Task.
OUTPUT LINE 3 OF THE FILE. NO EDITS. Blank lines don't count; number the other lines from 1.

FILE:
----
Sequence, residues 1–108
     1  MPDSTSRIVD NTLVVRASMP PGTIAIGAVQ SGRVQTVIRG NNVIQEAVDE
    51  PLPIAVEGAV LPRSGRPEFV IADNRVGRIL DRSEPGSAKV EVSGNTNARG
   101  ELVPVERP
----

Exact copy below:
    51  PLPIAVEGAV LPRSGRPEFV IADNRVGRIL DRSEPGSAKV EVSGNTNARG